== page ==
Former president Jacob Zuma has petitioned the Supreme Court of Appeal (SCA) for leave to appeal the dismissal of his permanent stay of prosecution application.
According to Business Day, Zuma has argued in court papers that he is being used as a “scapegoat” in the corruption case against him.
He also said the State should have investigated those who were closer to decision-making, including former president Thabo Mbeki.
The publication also reported that, in papers filed at the SCA in Bloemfontein, the former president maintained that he had nothing to do with the arms deal.
“I had no government position that would have made me a participant in the selection of bidders in this regard. It is not me that decided that the Special Investigating Unit not investigate certain matters in relation to the arms deal,” he was quoted as saying.
In November, the KwaZulu-Natal High Court in Pietermaritzburg dismissed Zuma’s appeal against its decision to not grant a stay of prosecution, News24 previously reported.
But Zuma launched a bid to appeal the decision, arguing that the SCA could arrive at a different conclusion.
The core of Zuma’s stay application was his long-time allegation that, due to an unreasonable delay in the commencement of the proceedings, it won’t be possible to receive a fair trial, News24 previously reported.
Referring to the delays in the trial, the court said another court would not rule differently if all factors were considered.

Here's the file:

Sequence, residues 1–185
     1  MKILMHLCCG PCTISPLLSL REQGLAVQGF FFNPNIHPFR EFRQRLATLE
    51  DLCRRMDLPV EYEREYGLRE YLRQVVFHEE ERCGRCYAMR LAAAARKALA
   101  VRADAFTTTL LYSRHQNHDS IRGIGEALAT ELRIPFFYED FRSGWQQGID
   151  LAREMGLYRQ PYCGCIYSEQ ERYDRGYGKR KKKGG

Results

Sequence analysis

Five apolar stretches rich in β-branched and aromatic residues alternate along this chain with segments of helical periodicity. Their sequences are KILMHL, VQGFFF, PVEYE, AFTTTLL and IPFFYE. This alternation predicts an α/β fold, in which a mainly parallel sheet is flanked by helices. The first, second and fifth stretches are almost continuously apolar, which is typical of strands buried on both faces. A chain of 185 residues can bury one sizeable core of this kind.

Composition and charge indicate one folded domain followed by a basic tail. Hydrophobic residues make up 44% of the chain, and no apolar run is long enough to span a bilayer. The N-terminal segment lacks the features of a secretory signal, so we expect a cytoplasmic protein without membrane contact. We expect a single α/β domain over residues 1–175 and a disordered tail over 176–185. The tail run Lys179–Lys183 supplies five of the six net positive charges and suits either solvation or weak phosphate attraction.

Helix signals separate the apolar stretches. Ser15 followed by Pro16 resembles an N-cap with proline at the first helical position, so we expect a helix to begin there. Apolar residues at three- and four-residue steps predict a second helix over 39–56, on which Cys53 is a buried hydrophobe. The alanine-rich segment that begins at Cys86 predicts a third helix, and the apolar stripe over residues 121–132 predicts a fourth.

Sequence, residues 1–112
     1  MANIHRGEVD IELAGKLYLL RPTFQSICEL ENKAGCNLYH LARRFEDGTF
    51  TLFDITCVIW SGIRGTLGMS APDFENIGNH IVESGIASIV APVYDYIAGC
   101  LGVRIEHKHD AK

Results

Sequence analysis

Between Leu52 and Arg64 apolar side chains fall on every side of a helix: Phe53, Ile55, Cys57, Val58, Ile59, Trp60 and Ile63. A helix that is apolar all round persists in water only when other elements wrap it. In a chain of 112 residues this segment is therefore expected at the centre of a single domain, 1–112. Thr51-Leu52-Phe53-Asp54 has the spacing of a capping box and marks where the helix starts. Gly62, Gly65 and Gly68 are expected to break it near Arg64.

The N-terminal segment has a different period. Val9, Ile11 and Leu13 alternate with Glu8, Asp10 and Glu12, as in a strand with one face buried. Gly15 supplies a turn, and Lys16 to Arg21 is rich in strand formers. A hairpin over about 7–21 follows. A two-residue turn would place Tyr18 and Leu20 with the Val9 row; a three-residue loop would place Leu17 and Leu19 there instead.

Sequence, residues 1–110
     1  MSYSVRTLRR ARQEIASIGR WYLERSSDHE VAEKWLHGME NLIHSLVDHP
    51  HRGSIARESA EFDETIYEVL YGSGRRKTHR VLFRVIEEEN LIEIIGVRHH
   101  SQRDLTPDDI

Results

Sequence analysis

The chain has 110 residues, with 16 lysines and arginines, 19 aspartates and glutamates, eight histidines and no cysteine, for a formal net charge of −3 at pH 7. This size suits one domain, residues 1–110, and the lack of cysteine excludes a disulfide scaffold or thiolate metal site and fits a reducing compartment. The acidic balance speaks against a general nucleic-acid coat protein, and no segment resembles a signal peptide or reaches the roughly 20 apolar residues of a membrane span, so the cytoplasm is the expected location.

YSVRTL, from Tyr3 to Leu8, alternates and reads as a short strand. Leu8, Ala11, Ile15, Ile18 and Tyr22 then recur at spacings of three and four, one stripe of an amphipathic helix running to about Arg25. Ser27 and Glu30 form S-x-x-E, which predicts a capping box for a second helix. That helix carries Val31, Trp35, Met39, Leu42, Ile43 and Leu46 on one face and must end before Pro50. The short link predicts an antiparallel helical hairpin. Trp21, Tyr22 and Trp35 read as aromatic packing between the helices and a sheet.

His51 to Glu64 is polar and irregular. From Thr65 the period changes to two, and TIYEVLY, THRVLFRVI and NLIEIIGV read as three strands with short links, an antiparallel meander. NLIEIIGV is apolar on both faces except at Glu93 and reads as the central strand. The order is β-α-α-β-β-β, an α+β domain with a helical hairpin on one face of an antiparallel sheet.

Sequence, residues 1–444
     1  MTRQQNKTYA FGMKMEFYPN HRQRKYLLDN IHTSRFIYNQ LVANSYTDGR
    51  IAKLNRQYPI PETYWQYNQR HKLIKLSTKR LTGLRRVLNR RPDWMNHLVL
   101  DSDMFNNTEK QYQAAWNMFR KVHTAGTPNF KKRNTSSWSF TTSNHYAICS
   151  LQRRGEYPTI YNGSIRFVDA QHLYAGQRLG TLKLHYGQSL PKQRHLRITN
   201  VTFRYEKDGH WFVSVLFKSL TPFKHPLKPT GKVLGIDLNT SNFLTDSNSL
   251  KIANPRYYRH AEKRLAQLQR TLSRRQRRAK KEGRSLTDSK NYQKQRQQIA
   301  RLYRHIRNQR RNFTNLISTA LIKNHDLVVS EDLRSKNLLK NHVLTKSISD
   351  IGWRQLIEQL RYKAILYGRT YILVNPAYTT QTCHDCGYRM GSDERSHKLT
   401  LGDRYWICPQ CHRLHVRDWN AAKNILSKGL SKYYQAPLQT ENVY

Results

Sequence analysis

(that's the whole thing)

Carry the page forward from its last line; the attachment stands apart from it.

“The seriousness of the crime is but one of the factors to be considered in an application for a permanent stay. We therefore are not persuaded that another court, in particular the Supreme Court of Appeal, would come to a different conclusion.”
Regarding Zuma’s assertion that his rights were violated, the judges were not convinced.
“We do not agree. It is unlikely that the SCA will find differently…”
Zuma’s gripe not legitimate
The judgment also referred to comments Zuma’s legal team made earlier this month.
They had accused the court of having violated some sections of the Criminal Procedure Act.
“In our view, comments or allegations that are scandalous or vexatious to the court ought to be avoided at all costs, as they can bring the administration of justice into disrepute.”
Zuma was handed a costs order because his gripe was not legitimate, read the judgment.
Zuma is charged, along with French arms company Thales, with one count of racketeering, 12 of fraud, four of corruption and one of money laundering.
Thales’ stay of prosecution application was also denied.
Zuma faces 16 charges of fraud, corruption, money laundering and racketeering, relating to the arms deal.
It is alleged that he received 783 payments, totalling just over R4m, from his then-financial adviser Schabir Shaik and his Nkobi group of companies between 1996 and 2005.
– Compiled by Jeanette Chabalala, additional reporting by Kaveel Singh